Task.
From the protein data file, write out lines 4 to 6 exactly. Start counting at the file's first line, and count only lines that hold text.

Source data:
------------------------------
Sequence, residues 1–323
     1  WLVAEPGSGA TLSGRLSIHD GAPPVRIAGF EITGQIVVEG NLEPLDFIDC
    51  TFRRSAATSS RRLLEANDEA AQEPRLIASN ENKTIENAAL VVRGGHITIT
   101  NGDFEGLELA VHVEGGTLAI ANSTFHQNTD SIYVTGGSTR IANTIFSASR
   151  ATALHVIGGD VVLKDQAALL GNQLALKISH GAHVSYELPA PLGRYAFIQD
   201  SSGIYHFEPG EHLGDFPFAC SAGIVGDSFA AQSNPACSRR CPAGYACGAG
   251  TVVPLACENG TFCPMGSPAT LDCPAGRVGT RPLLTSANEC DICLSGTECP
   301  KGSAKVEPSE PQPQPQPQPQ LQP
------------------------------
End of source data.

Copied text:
   101  NGDFEGLELA VHVEGGTLAI ANSTFHQNTD SIYVTGGSTR IANTIFSASR
   151  ATALHVIGGD VVLKDQAALL GNQLALKISH GAHVSYELPA PLGRYAFIQD
   201  SSGIYHFEPG EHLGDFPFAC SAGIVGDSFA AQSNPACSRR CPAGYACGAG